Greenland Ice Cap Melt Accelerating
BRISTOL, UK, November 12, 2009 (ENS) – Satellite observations and a state-of-the art regional atmospheric model have independently confirmed that the Greenland ice sheet is losing mass at an accelerating rate, reports a new study by a team of British, Dutch and American scientists.
The total 20002008 mass loss of about 1,500 gigatons is equivalent to 0.46 millimeters per year of global sea level rise, the scientists said.
This loss of mass is equally distributed between increased iceberg production, driven by acceleration of Greenland’s fast-flowing outlet glaciers, and increased meltwater production at the ice sheet surface.
Professor Jonathan Bamber from the Bristol Glaciology Centre at the University of Bristol and an author on the paper said, “It is clear from these results that mass loss from Greenland has been accelerating since the late 1990s and the underlying causes suggest this trend is likely to continue in the near future.”
“We have produced agreement between two totally independent estimates, giving us a lot of confidence in the numbers and our inferences about the processes,” said Bamber, a glaciologist who has done previous studies of the melting taking place in Antarctica.
A glacier off the coast of Greenland (Photo by Jonathan Bamber courtesy U. Bristol)
Mass budget calculations were validated with satellite gravity observations from the twin Gravity Recovery and Climate Experiment (GRACE) satellites, enabling the scientists to quantify the individual components of the recent Greenland mass loss.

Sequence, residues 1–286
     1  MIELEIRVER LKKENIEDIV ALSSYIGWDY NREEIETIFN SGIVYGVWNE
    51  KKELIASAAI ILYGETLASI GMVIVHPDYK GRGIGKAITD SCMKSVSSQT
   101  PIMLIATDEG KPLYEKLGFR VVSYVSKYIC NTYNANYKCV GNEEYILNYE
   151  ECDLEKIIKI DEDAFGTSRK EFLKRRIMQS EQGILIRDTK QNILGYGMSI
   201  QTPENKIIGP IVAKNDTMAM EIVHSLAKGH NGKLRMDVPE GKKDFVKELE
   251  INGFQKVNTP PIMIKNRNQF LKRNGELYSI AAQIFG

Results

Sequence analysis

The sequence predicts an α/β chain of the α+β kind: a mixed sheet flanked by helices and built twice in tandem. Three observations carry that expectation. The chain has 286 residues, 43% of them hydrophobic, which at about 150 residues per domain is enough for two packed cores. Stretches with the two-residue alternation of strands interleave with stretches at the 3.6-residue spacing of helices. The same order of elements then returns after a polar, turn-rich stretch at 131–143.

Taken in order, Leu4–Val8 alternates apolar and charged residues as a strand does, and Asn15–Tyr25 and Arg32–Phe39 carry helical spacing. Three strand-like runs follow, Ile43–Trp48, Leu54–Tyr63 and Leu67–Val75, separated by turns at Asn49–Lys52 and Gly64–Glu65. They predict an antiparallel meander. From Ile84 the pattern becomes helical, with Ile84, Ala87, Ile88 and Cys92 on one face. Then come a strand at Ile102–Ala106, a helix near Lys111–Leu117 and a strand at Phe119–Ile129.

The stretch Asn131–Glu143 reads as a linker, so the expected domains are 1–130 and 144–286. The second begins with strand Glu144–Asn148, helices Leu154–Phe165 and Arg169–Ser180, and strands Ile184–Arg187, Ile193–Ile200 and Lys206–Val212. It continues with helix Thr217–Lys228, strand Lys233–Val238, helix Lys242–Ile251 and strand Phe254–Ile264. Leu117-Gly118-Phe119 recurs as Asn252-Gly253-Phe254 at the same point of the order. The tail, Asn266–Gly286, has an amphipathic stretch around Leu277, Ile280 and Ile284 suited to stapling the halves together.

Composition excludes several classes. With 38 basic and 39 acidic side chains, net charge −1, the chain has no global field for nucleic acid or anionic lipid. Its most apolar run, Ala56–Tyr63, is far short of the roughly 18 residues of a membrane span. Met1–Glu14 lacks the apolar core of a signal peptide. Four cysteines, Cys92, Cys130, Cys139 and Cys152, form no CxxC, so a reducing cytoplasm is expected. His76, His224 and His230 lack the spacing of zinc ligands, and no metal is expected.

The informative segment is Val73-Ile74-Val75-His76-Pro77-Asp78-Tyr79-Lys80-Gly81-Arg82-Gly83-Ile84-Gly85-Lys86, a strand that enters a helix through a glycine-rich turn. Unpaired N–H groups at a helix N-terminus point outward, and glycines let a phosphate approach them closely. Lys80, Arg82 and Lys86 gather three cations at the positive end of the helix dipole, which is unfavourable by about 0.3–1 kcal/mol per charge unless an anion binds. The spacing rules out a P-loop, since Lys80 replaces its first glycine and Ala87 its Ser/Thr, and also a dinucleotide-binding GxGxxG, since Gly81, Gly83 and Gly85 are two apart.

The gravity variations that GRACE studies include changes due to surface and deep currents in the ocean and exchanges between ice sheets or glaciers and the oceans.
Warm summers in the period 2006-2008 have further accelerated the mass loss to 273 gigatons per year, said Bamber, explaining that one gigaton is the mass of one cubic kilometer of water.
This represents 0.75 millimeters of global sea level rise per year, he said.
If it all melted, the Greenland ice sheet contains enough water to cause a global sea level rise of seven meters (23 feet), Bamber said.
Since 2000, the ice sheet has lost about 1,500 gigatons in total, representing on average a global sea level rise of about half a millimeter per year, or five millimeters since 2000.
At the same time that surface melting started to increase around 1996, snowfall on the ice sheet also increased at about the same rate, masking surface mass losses for nearly a decade.
Moreover, a significant part of the additional meltwater refroze in the cold snowpack that covers the ice sheet. Without these moderating effects, Bamber explained, post-1996 Greenland mass loss would have been double the amount of mass loss observed now.
Scientists from NASA’s Jet Propulsion Laboratory and from the Department of Earth System Science, University of California, Irvine are co-authors on the study along with scientists from three Dutch institutions: the Institute for Marine and Atmospheric Research at Utrecht University; the Delft Institute of Earth Observation and Space Systems at the Delft University of Technology; and the Royal Netherlands Meteorological Institute.
The study is published in the current issue of the journal “Science.”